Meeting News Coverage

Pilot project improved adolescent immunization rates

WASHINGTON — A pilot project in North Carolina among 18 health centers increased adolescent immunization coverage rates by 26% in 1 month, according to data presented here this week.

The project was designed to increase age-appropriate immunization rates for the tetanus-diphtheria-pertussis vaccine, meningococcal conjugate vaccine (Menactra, Sanofi-Pasteur) and human papillomavirus vaccine and was conducted through federally qualified health centers. In North Carolina, the average coverage rates for the three vaccines recommended for adolescents was 73.8% compared with the national average of 76%.

“Even at best, we are abysmal in North Carolina at giving the meningococcal conjugate vaccine,” Marti Wolf, RN, MPH, said during a presentation at the 45th Annual National Immunization Conference.

The North Carolina Community Health Center Association set up a competition among 18 community health centers that volunteered to compete during an April 2010 event, which corresponded with the state’s Adolescent Immunization Month.

Eighteen sites competed; one site was a pediatric practice and the others were primary care/family practice sites. The total adolescent population served by these clinics totaled 7,971. Initial immunization coverage rates ranged from 18% to 38% for HPV, 42% to 90% for Tdap, and 5% to 86% for MCV4.

“The data shows that most anyone who tried did make an improvement,” Wolf said.

Throughout the monthlong competition to raise adolescent immunization rates, the sites worked together to administer targeted immunizations to their adolescent population. Various tools, including AFIX sessions — provided by the North Carolina Immunization Program — recall tools, immunization toolkits and weekly email contact, were made available. On May 1, repeat immunization reports were compiled by the North Carolina Immunization Registry (NCIR) and compared with the baseline immunization data compiled from the NCIR.

“One of the things we found is that people are using our registry for babies, but people were not thinking about it once the children were past 2 or 3 years old. Nobody was using it much for the adolescents, and they are not using it at all for the adults,” Wolf said. “The lesson learned is that recall works. Letters to the parents work. They actually open them and read them”

Wolf said last year’s event went so well that the competition this year will take place in May.

“The end result was that we sneaked in quality improvement and had some fun,” she said.

For more information:

Disclosure: This project was partially supported by Sanofi-Pasteur.

Twitter Follow the PediatricSuperSite.com on Twitter.

WASHINGTON — A pilot project in North Carolina among 18 health centers increased adolescent immunization coverage rates by 26% in 1 month, according to data presented here this week.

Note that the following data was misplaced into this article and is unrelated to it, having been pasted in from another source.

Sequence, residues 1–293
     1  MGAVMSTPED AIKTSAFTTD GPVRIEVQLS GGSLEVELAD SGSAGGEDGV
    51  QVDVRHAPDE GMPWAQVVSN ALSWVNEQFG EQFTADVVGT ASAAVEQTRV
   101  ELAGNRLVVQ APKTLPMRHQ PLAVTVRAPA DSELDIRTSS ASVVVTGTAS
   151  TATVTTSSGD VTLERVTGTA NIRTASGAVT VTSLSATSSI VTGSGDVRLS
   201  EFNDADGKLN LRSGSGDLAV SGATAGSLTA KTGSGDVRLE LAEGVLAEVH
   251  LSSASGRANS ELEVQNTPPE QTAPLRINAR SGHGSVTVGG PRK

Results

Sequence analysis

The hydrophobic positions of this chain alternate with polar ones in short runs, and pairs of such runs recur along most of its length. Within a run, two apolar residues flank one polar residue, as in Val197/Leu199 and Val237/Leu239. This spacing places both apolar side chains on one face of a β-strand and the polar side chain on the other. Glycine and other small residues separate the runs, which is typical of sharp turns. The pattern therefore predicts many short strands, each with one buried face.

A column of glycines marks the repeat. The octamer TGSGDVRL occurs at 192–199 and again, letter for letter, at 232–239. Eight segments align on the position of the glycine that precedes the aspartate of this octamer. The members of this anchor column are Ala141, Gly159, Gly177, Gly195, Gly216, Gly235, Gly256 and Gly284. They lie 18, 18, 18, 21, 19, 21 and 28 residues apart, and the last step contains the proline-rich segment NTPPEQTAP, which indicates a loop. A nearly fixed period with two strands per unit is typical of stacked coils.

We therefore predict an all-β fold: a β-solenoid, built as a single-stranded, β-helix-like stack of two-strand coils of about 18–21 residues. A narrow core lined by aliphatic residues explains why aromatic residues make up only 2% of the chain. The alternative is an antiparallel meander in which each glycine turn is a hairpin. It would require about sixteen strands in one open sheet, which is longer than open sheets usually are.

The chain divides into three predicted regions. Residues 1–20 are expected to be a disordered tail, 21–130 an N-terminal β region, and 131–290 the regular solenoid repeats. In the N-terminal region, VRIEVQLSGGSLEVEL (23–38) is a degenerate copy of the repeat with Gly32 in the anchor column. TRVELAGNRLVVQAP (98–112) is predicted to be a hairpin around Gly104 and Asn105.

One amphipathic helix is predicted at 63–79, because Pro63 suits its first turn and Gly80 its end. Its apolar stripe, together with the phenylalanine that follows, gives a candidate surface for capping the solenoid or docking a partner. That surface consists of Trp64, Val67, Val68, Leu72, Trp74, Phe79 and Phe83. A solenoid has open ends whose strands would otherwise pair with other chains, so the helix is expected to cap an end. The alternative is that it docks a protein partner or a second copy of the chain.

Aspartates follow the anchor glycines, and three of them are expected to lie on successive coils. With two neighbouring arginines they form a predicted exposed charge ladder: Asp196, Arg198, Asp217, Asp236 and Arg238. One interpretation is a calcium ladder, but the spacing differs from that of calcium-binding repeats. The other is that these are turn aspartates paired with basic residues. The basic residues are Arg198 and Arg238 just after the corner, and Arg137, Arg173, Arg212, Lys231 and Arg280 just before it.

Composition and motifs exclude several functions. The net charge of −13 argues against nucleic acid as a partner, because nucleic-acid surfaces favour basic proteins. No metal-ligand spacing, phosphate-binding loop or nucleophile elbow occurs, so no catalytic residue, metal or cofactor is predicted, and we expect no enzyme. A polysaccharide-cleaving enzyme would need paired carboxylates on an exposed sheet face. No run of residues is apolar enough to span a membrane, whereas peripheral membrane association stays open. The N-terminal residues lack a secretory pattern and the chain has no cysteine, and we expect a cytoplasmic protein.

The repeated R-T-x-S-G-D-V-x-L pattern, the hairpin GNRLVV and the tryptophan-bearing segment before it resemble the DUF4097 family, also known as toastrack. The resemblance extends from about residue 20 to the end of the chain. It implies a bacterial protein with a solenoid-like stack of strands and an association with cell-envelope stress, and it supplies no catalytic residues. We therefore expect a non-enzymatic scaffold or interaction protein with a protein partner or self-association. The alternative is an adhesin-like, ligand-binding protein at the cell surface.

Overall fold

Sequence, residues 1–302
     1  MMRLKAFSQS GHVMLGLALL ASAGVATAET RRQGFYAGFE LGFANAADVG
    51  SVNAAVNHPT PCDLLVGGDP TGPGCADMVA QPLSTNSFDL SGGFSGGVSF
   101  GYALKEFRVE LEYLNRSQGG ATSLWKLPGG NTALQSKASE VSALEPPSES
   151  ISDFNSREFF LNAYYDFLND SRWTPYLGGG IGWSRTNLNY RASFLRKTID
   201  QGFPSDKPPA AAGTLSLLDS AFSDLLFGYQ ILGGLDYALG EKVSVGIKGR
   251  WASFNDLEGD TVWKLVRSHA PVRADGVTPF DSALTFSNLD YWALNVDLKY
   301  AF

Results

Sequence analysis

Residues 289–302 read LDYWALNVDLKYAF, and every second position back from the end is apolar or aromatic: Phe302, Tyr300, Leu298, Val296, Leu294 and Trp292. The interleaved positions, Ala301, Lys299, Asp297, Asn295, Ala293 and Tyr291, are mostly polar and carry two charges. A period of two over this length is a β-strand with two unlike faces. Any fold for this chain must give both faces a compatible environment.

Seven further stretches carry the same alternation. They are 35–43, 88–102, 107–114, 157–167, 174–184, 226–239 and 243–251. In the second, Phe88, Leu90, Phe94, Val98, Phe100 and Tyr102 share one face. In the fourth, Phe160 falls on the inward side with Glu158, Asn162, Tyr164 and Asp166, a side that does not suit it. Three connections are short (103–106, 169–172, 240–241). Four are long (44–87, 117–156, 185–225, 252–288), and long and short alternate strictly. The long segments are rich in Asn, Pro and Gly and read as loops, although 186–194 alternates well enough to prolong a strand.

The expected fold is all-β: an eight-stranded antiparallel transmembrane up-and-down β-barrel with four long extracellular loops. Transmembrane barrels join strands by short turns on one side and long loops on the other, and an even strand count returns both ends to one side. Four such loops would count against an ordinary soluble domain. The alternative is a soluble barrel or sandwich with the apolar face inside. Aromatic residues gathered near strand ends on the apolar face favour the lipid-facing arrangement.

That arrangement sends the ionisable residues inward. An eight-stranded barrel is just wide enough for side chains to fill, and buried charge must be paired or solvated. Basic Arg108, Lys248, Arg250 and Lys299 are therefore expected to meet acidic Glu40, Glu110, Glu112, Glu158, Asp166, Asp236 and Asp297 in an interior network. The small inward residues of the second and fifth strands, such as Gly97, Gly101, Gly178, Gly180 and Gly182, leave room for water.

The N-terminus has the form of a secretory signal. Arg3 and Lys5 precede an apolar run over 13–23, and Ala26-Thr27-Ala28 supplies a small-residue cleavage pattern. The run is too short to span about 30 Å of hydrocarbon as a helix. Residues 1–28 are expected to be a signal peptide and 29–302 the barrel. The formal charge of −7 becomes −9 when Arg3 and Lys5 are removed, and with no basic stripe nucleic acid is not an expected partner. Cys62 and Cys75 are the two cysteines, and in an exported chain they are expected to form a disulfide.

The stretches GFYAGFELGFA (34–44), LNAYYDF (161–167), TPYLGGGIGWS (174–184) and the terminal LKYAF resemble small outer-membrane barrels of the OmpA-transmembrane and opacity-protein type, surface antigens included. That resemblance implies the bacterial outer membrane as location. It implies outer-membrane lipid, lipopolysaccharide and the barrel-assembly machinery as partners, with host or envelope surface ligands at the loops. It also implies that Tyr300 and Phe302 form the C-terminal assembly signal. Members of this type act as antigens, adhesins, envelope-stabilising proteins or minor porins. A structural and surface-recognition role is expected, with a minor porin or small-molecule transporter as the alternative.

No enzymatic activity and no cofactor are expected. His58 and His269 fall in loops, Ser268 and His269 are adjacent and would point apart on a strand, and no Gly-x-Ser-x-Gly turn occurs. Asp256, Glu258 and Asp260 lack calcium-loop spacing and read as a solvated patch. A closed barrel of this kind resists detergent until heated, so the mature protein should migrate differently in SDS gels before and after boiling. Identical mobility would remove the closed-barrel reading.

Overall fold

The project was designed to increase age-appropriate immunization rates for the tetanus-diphtheria-pertussis vaccine, meningococcal conjugate vaccine (Menactra, Sanofi-Pasteur) and human papillomavirus vaccine and was conducted through federally qualified health centers. In North Carolina, the average coverage rates for the three vaccines recommended for adolescents was 73.8% compared with the national average of 76%.

“Even at best, we are abysmal in North Carolina at giving the meningococcal conjugate vaccine,” Marti Wolf, RN, MPH, said during a presentation at the 45th Annual National Immunization Conference.

The North Carolina Community Health Center Association set up a competition among 18 community health centers that volunteered to compete during an April 2010 event, which corresponded with the state’s Adolescent Immunization Month.

Eighteen sites competed; one site was a pediatric practice and the others were primary care/family practice sites. The total adolescent population served by these clinics totaled 7,971. Initial immunization coverage rates ranged from 18% to 38% for HPV, 42% to 90% for Tdap, and 5% to 86% for MCV4.

“The data shows that most anyone who tried did make an improvement,” Wolf said.

Throughout the monthlong competition to raise adolescent immunization rates, the sites worked together to administer targeted immunizations to their adolescent population. Various tools, including AFIX sessions — provided by the North Carolina Immunization Program — recall tools, immunization toolkits and weekly email contact, were made available. On May 1, repeat immunization reports were compiled by the North Carolina Immunization Registry (NCIR) and compared with the baseline immunization data compiled from the NCIR.

“One of the things we found is that people are using our registry for babies, but people were not thinking about it once the children were past 2 or 3 years old. Nobody was using it much for the adolescents, and they are not using it at all for the adults,” Wolf said. “The lesson learned is that recall works. Letters to the parents work. They actually open them and read them”

Wolf said last year’s event went so well that the competition this year will take place in May.

“The end result was that we sneaked in quality improvement and had some fun,” she said.

For more information:

Disclosure: This project was partially supported by Sanofi-Pasteur.

Twitter Follow the PediatricSuperSite.com on Twitter.

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